I was six years old in 1975. I didn’t know much about the world. I did not know, nor did I care, who was President. I didn’t know that Richard “I’m not a crook” Nixon had recently resigned. I didn’t know that his replacement, some guy named Ford, had fallen down the steps while leaving Air Force One and put a dramatic coda on that whole sordid business. But I did know one thing. Summers were made for playing outside, getting drinks from hoses, and helping Grandma weed the garden. That’s what the summer of 1975 was for me.
At least that’s what it was until July. For a few days that month my attention strayed from exploring the catacombs of the neighbor’s hedges and turned to a marvelous event that was taking place a million billion trillion (numbers didn’t mean much to me then either) miles away. And I got to see it on television. Our astronauts, which is to say United States astronauts, were going to meet up with some Russian astronauts in space. I couldn’t pronounce the name of Soyuz, the Russian craft, but I knew what it was when I heard it or saw it written. They were going to have their spacecraft meet up, attach themselves to each other, then open up a door, crawl through, and shake hands. It was going to be awesome.
And it was awesome, even on the ancient television that was as big as a refrigerator and was only color part of the time when the signal came in good. I sat there in my living room, outdoors forgotten, my mind locked around the fantastical concept of people being shot up into space and then meeting each other. I had trouble meeting neighborhood kids who lived just a few houses away. They were so foreign and scary, but if these guys in space suits could do THAT, well … maybe I’d just walk up to one of those kids’ doors and introduce myself.
In other words, I was inspired. Our country, my country, put its resources and energy into accomplishing a goal that just a decade before was highly questionable. What’s more, we did this in cooperation with our sworn enemies. I didn’t know much about the world at six, but besides knowing what summers were for, I knew that Russians were the bad guys and they might kill us all one day with their bombs. Maybe, I thought while sitting there watching all this happen, if we could get along well enough to do this, we could get along well enough to do a lot of things. Continue reading We Can Do Better
In August of 2009, former Alaska governor Sarah Palin cynically attacked the Obama administration backed Affordable Health Care bill on the grounds that it would create “death panels.”
What’s a “death panel”? Ms. Palin explained it to us via the favorite method of angst-ridden teenagers with no social skills everywhere by turning to Facebook. Once again exploiting her own children to score political points, she raised the specter of her Down’s Syndrome afflicted child standing before:
Obama’s “death panel” so his bureaucrats can decide, based on a subjective judgment of their “level of productivity in society,” whether they are worthy of health care. Such a system is downright evil.
Of course, this was all nonsense. The part of the proposed legislation that allowed her to make this fanciful claim was the portion that would allow Medicare to compensate health care professionals who counseled individuals facing end-of-life decisions. This would include the terminally ill, those advanced in age, and anyone else who was seeking hospice care, was designating someone who had legal authority to make decisions for them in the event they became incapacitated, or simply wanted to devise a living will. This twisting of the truth moved the respected website Factcheck.org to name Ms. Palin’s lie as one of its “Whoppers of the Year” for 2009.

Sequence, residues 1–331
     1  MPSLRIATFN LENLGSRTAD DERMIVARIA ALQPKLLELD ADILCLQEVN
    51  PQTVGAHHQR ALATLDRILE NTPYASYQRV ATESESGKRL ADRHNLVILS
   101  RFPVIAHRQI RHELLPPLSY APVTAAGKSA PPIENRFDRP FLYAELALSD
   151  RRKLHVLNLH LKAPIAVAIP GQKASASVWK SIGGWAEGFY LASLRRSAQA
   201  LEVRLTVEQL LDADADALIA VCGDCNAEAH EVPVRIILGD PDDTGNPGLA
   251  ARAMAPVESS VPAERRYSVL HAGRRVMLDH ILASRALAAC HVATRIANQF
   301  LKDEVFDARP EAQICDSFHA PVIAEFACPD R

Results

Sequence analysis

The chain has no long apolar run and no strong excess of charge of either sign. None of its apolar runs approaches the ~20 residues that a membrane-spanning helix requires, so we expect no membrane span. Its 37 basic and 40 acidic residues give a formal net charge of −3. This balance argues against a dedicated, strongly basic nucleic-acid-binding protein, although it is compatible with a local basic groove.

Despite the fiasco of false fear and paranoia brought on by Ms. Palin during the health care debate, a year and a half later we might want to find it in our hearts to thank her for laying out in such stark terms what the issues really are when we consider making sure the most vulnerable among us have access to desperately needed health care. Certainly the thought of a child with a genetic disability being denied needed care should shame a society with the high moral standards we demand. Judging whether one is worthy of care based on their “level of productivity to society” is not what the land of the free is all about. We would never want to be known as the nation that brought into wide acceptance the notion of condemning our grandparents or our children to die simply because they needed to see a doctor and could not afford to do so.
Well, most of us don’t.
Enter Paul Ryan, the ultra-radical Republican Representative from Wisconsin who has cornered the market on proposing some of the worst ideas to come out of Congress this century. Mr. Ryan has been telegraphing his budget proposal for 2012 on YouTube and through Republican-controlled Fox News with the vigor of an advertising executive. The details of this budget were released for public scrutiny today, but we already knew enough just from his showmanship to get a fairly clear picture of what he and presumably the rest of his radical Republican colleagues in the House of Representatives demand. Continue reading The Death Panels: Rep. Paul Ryan, Commissioner